Full Body Isolation - A Quick Tutorial

So anyone who has submitted to microstock for more then a couple weeks already knows that one of the most popular styles of imagery offered here is the Isolated Model over white.

Christmas Elf Pinup

While it is not horribly difficult it does take some skill to master and without a little guidance the trial and error involved in finding the right balance can be frustrating and time consuming.

Military Kids For Peace

Like anything else in photography there are many different ways to arrive at the end product but at Vegas Vision Studios we use light to create our full body isolations.

The biggest mistakes newcomers to this style of photography make is not using enough light on the background. It takes 1-2 full f/stops more light on the background then on the subject to create a pixel perfect isolation in the camera

The next biggest mistake a newcomer to this style makes is not adequately controlling all that light bouncing off the background. If you don't have enough room to provide 8-10 feet of distance between your model and the background lights you are going to have over exposure issues on the highlight areas pf your model due to the excessive wrap around light from the back ground. How do you control the light? Well now that would be another lesson wouldn't it :-)

To get you started though here is a little diagram to show you how we light the average isolation set at Vegas Vision Studios.

While the diagram alone won't give you everything you need it should put you well on the way to being able to get your head wrapped around one of the most popular styles of shooting in stock and commercial photography.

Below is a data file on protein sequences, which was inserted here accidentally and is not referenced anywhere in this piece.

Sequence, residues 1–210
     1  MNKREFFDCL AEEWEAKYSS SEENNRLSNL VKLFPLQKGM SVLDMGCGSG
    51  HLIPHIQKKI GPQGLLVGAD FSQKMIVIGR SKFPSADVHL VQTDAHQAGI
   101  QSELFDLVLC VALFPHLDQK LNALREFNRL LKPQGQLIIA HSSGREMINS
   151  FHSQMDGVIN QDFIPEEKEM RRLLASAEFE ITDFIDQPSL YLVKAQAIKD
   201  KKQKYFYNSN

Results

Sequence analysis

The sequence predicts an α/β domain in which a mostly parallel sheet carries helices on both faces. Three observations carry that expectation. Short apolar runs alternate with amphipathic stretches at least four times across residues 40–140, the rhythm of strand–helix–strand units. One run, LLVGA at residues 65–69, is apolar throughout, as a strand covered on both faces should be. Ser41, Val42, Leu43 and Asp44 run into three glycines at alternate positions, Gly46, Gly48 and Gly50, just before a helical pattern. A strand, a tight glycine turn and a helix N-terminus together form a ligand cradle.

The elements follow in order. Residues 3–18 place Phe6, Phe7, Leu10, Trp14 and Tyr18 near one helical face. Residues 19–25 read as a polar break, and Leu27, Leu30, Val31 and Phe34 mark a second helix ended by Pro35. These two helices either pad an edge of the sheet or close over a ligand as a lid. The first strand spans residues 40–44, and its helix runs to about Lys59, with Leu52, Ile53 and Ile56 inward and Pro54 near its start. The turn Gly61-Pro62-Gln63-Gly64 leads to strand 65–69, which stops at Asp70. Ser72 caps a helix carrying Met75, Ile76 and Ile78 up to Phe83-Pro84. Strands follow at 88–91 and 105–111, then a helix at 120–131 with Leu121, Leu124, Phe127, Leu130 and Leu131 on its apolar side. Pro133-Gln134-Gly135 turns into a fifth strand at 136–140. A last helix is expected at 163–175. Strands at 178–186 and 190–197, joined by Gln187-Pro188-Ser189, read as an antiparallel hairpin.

Since the Blog won't allow posting of images not on Dreamstime you can get the Vegas Vision Studios Lighting Diagram for

Full Body Isolations HERE

Photo credits: Bobby Deal.
  • Photoshow
  • Loveland, United States
I am a creatively driven and artistic freelance commercial photographer with 15 years of full time commercial photography experience. This experience includes both studio and location photography and I am equally comfortable in either environment. In addition to working as a commercial photographer, I am also a recognized photography instructor and have in the past 9 years successfully produced in excess of 800 photographic lighting, posing and post productions training sessions for small to medium sized groups of aspiring photographers and interested individuals in Nevada, California, Colorado and Arizona.

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April 05, 2011

Excellent article and diagram. Thank you. What do you use for the models to stand on? Thanks.


November 03, 2008

Well for those who got no studio and make photos in a little room or outside, this isn't that useful, right?

I would want some good advices to isolate, especially the hair... The rest I can handle, but the hair is giving me nightmairs. lol

Anyway Thank you! :-)


October 25, 2008

good blog and advice, good links too!! Thanks!


October 22, 2008

Cheers, always struggle with this



October 20, 2008

Well of course Eromaze, afterall shooting subjects on somewhat clustered backgrounds is what id do all the time ;-)

I will give you a couple hints in that direction though

1. Color channel Masking - Look up Russel Brown he has a couple of great advanced masking technicque tutorials online

2.Color Range and or Replace Color when the background is all within a similar color range.


October 18, 2008

Thanks Bobby!


October 17, 2008

Thanks for sharing...


October 17, 2008

The diagram explains everything perfectly...thanks, Bobby! :-)


October 17, 2008

thanks for the help!


October 17, 2008

Cool hint!